Elissa Hobfoll, Attorney at Law

For Employees

A Chicagoland Employment Law Practice

For Individuals and Employees

Discrimination & Hostile Work Environment

Employees in protected classes are to be treated equally in the workplace. Discrimination on the basis of race, gender, sexual orientation, national origin, pregnancy, religion, disability, or age, can show itself in many ways be it hiring, conditions of employment, compensation, promotion, discipline, or termination. A hostile work environment stems from the unwelcome conduct of supervisors, co-workers, or othersyou may interact with at your job, who offend, harass, abuse, or intimidate you on the basis of your protected class.  


Sexual Harassment

Your employer has a duty to provide you with a safe work environment. Sexual harassment in the workplace can be devastating to your well-being and your career. Some forms of sexual harassment may include: implicitly or explicitly conditioning your employment, or employment benefits, upon the provision of sexual favors, unwelcome and offensive sexual advances, threats, demeaning, vulgar or suggestive language, offensive images, assaults, or other forms of severe conduct directed at you because of your sex.


Pregnancy and Disability Rights

If you are pregnant or disabled, you may have certain workplace protections and rights. Many employers are required to work with you, and sometimes your doctors, to figure out whether there is a way for you to continue to perfrom your job while pregnant or disabled; even with restrictions. 


Retaliation, Whistleblower, & Wrongful Termination

Employers cannot terminate your employment, or take other adverse action against you, in response to your good-faith complaints of wrongdoing, or illegal activity, at work. You may have questions about how and where to report this kind of activity. You may be protected if you complained to management, the police, or governmental agencies.


Absence from Work

There are many different local, state, and federal laws that may protect you and your job if you need to take time off of work. Employers may have to give you the time off, and protect your employment status, when you need to take continuing or intermittent leave from your job. Some common situations that may require protected leave include: serious health conditions of your own or those of your family members, abuse in the home, jury duty, military duty, pregnancy, and birth or adoption.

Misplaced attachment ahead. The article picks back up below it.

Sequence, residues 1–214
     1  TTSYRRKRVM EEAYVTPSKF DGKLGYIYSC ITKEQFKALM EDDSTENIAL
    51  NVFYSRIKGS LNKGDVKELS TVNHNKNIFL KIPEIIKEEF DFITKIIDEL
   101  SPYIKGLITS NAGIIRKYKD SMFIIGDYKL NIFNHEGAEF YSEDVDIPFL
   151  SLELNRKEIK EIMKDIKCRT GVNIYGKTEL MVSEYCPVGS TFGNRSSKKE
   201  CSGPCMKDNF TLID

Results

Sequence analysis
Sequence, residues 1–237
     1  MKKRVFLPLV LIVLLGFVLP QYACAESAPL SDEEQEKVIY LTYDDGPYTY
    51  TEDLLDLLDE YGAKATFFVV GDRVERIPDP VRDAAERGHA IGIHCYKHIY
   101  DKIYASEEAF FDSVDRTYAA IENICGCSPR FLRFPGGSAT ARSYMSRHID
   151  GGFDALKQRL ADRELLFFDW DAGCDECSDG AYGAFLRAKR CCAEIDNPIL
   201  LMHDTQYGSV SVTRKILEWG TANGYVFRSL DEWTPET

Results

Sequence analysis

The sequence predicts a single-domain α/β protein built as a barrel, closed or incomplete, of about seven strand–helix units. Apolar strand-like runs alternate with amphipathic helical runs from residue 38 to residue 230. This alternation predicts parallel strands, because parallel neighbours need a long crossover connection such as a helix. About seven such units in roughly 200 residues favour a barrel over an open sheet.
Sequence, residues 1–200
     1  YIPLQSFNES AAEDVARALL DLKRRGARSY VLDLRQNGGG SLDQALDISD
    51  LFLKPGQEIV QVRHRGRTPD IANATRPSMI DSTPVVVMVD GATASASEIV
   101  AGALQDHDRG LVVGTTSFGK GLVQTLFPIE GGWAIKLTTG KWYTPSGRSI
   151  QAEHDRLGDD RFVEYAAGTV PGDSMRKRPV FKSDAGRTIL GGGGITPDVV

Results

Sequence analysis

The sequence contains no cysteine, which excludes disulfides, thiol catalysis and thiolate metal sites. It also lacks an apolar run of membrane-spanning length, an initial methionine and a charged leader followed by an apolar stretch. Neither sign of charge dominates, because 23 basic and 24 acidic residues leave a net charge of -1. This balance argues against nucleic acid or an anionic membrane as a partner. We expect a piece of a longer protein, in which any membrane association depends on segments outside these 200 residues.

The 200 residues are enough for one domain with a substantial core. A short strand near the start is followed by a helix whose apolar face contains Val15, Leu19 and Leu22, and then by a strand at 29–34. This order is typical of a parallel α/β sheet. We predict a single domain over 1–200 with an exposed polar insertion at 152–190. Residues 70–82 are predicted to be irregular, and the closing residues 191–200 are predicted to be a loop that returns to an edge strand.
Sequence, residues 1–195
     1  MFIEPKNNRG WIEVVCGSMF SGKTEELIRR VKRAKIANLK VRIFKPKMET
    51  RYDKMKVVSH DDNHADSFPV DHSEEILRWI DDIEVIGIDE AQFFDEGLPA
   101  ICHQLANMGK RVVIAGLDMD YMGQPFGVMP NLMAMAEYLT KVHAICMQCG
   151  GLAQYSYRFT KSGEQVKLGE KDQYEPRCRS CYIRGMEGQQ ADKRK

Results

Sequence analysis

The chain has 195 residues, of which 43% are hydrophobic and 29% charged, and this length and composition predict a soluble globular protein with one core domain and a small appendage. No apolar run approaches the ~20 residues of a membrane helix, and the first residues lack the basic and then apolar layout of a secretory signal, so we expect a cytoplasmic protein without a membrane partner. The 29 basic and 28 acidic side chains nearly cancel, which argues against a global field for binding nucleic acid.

Compensation, Wages, & Overtime

You work hard and are entitled to be paid properly for your time. An employer may fail to meet its obligations to pay you by miscalculating your rate of pay, keeping your tips, making deductins from your wages, denying you entitlement to overtime, requiring off-the-clock work before and after regular work hours and during breaks, or categorizing you as an independent contractor, instead of an employee. Illinois law mandates that only certain deductions can be taken from your pay and requires that employers pay full “final compensation,” including accrued vacation pay. 


Contract Drafting, Review, & Negotiation

When your employer wants you to enter into a written employment or severance agreement, you need to know your rights before you sign. If you already entered into an agreement, you may have questions about the terms; or if ready to move to the next opportunity, you may want to make sure doing so does not violate any provisions of the agreement(s). You may have many questions about the law and what your employer can do. This area of the law is always changing and you need to know your rights to negotiate the best possible terms.


Administrative Agencies

To assert your rights, you may need to report to a government agency like the Equal Employment Opportunity Commission (EEOC), the Illinois Department of Human Rights (IDHR), or the Illinois Department of Employment Security (IDES). You may not be required to have an attorney, but skilled legal representation and counseling can be an invaluable and supportive asset to you through an agency investigation process. An experienced lawyer can assist you in determining the appropriate agency to file your charge, in drafting an administrative charge, and in navigating administrative hearings and proceedings.